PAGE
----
So at one end of the spectrum, that’s called the low-touch end for a software company, you have what we call ISV referral. And in this model, just like the name suggests, it’s a referral. So the software company may not be prepared to be a payments company, or really embed their payments into their product, or take on the regulatory or compliance burdens that are associated with being a payments company. But they have a valuable list of SMBs, who use their product. And in that case, they can go ahead and take those leads as referrals, throw them over the fence to a payments company, and if the payments company can capitalize on that referral and make a sale, then they’ll share some of those economics back with the software company. So, it’s an opportunity for some of these software companies to monetize payments when they’re not necessarily payments companies themselves.

    Now, on the other end of the spectrum is really a full wholesale PayFac®. This is going to be the most sophisticated payments option for software companies. And these are ones who have fully embedded a payments product, often leveraging that own product to differentiate their software itself with a seamless embedded customer experience. In this case, the software company is taking on all of the compliance and regulatory costs and risks. But for a large client who’s doing say $10 billion a year in volume through their platform, they’re probably pretty comfortable with that risk. And in the end, it can be a product differentiator, but it does provide improved economics for the software companies since they do handle more elements of the value chain. And so if you’re a software company that’s getting ready to do an IPO or you’re super late-stage startup, that can make a ton of sense.

    Now for most of the companies that are out there, they’re gonna fall into the middle and that’s where you’ve got this opportunity. You can call it managed PayFac® or PayFac® light, whatever you want to call it. Essentially, they’re describing the same thing and that’s really the graduation path from a referral model to a full-scale PayFac® model. And this is where the software company is really being powered behind the scenes by a payments company, but is able to have the full look and feel of a payment facilitator. So they can have a fully white-labeled experience with their customers and their own custom branding around their payments product. The software company takes on full service and support of the merchants for that payments product, but without the millions of dollars and years of effort and headache that are needed to ensure compliance to be set up as a full registered PayFac®.

    So it’s a great graduation path that allows a lot of the software companies to continue along this journey from just being on the referral model to being a full payment facilitator. And, the way that I think about it is to use an analogy, it’s almost like you’re trying to climb a mountain, and the journey to becoming a PayFac®. It’s like scaling that vertical rock face. What the managed PayFac®, or PayFac® light model gives you is a nice, gentle trail that kind of goes up the side and leads you to the top of that mountain without first conquering it straight on it.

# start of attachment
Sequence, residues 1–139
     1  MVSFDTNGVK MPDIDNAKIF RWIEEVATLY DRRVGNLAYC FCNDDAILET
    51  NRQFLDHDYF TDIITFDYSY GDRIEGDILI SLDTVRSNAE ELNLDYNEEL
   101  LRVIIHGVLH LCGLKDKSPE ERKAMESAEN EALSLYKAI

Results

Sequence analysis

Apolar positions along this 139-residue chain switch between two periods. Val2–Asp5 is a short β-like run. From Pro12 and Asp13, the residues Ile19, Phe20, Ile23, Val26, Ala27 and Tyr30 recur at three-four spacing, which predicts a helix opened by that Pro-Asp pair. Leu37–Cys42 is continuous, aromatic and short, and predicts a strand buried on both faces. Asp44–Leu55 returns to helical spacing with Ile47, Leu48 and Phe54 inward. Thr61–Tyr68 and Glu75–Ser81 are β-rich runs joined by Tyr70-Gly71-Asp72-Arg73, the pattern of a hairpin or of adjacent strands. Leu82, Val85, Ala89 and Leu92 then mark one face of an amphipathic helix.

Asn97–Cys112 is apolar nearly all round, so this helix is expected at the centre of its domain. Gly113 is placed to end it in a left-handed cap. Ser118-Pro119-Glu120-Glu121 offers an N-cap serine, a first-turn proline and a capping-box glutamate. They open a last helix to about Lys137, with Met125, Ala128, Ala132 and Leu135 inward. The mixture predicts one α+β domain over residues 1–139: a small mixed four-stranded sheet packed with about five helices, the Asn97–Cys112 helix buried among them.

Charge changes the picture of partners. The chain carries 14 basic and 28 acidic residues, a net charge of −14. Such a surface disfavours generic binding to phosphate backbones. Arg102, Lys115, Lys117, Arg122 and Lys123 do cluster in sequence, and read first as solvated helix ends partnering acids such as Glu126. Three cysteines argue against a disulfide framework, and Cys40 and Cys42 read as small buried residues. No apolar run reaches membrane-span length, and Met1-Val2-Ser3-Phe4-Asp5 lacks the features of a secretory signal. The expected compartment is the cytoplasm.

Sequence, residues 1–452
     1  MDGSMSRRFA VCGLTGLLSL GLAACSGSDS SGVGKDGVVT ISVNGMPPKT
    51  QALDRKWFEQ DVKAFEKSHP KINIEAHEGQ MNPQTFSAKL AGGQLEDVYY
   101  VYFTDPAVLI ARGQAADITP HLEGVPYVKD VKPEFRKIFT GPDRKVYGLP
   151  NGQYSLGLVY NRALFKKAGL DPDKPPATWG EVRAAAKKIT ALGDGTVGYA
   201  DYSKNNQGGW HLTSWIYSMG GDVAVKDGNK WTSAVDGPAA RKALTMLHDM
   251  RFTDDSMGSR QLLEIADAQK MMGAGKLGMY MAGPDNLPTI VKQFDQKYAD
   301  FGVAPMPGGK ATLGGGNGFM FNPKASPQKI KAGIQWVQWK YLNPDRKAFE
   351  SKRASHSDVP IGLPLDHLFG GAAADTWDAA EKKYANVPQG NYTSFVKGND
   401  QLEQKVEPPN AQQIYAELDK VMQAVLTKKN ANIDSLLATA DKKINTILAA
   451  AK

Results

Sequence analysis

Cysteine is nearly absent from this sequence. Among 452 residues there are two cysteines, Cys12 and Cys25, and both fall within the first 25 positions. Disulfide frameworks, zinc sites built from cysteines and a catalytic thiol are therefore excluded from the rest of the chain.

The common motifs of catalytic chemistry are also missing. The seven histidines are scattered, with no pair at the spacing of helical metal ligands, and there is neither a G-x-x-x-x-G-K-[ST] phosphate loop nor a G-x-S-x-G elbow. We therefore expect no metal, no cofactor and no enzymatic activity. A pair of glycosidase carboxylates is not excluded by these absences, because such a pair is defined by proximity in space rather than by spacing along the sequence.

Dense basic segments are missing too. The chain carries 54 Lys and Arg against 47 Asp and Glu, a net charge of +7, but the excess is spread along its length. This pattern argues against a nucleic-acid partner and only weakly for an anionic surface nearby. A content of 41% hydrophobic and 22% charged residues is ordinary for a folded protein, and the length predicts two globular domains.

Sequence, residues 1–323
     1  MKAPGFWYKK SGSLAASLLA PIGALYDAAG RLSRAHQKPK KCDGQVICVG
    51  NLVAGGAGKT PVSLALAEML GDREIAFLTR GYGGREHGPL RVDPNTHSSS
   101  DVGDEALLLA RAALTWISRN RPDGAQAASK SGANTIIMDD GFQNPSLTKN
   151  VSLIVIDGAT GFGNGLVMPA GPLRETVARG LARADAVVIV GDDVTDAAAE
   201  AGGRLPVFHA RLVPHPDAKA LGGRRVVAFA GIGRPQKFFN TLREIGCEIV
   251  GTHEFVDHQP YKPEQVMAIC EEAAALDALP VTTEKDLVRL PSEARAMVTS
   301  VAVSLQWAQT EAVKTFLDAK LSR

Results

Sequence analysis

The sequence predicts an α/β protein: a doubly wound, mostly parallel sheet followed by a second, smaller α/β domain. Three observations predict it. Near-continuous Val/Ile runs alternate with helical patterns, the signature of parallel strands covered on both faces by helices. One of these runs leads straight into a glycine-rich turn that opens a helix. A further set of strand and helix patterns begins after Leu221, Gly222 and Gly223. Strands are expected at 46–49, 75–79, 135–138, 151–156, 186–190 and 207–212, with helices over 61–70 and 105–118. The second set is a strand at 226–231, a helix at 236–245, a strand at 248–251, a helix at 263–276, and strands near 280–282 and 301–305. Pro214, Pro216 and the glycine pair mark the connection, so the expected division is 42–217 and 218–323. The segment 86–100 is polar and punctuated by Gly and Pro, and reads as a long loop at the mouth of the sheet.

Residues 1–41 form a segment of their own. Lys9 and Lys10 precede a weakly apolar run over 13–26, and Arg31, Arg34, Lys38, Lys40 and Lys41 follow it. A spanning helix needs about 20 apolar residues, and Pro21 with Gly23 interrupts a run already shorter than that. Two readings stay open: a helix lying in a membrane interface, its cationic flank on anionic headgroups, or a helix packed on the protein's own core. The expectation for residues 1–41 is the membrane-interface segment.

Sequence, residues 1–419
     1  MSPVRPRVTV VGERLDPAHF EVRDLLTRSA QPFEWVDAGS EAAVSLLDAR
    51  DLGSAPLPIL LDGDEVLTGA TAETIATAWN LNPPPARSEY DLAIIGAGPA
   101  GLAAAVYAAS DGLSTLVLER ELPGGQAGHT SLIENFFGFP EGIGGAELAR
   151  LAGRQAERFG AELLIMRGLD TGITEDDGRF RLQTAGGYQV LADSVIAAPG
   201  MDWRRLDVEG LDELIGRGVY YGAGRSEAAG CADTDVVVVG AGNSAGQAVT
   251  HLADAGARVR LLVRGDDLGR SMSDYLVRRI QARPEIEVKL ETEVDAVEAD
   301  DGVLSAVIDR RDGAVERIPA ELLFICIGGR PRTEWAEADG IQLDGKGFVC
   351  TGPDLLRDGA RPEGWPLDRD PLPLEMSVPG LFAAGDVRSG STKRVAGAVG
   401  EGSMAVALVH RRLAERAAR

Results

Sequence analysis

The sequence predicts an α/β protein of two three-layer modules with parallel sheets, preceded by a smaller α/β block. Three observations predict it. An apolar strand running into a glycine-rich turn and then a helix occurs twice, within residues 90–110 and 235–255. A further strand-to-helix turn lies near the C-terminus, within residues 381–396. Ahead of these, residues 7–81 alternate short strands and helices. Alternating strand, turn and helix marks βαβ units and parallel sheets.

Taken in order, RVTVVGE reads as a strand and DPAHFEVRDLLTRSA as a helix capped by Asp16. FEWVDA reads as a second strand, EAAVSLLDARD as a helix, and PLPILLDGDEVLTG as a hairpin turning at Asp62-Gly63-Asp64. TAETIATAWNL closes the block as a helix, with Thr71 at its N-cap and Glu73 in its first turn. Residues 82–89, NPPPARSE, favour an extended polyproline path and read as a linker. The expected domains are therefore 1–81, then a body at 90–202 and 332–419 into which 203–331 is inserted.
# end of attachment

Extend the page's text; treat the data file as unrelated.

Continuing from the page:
Bob Bulter

    Sam, you were really involved in the due diligence as it related to the FIS acquisition of Payrix. So, can you talk to us a little bit about what made that exciting for FIS?

    Sam Callen

    Yeah, absolutely. I mean, this is one that was top of the list for us in terms of, asset classes and companies that we really saw as a lot of opportunity in the market. And I think to understand that you have to know a little bit about Worldpay’s history. So Worldpay, we were in at the ground floor of software-led payments, we acquired Mercury Payment Systems back in 2014. And this was the company that really founded that ISV referral model. And so we’ve really been there on the ground floor to see that. You know, one of the unique things that’s come up over the years is that as the software companies try to make the transition from one model to the next, there are a ton of pain points associated. Taking on service and support for your merchants on their payments offering is really hard work. It’s especially hard when you’re trying to just work on your software company, not even trying to think necessarily about the payments product, let alone when you have a large customer base, and you’ve never done it before. And so, I don’t think that there’s a ton of payments companies out there in the market, that operate as thought leaders and partners who are working to help their clients on that journey, which can make it hard for a software company as they grow.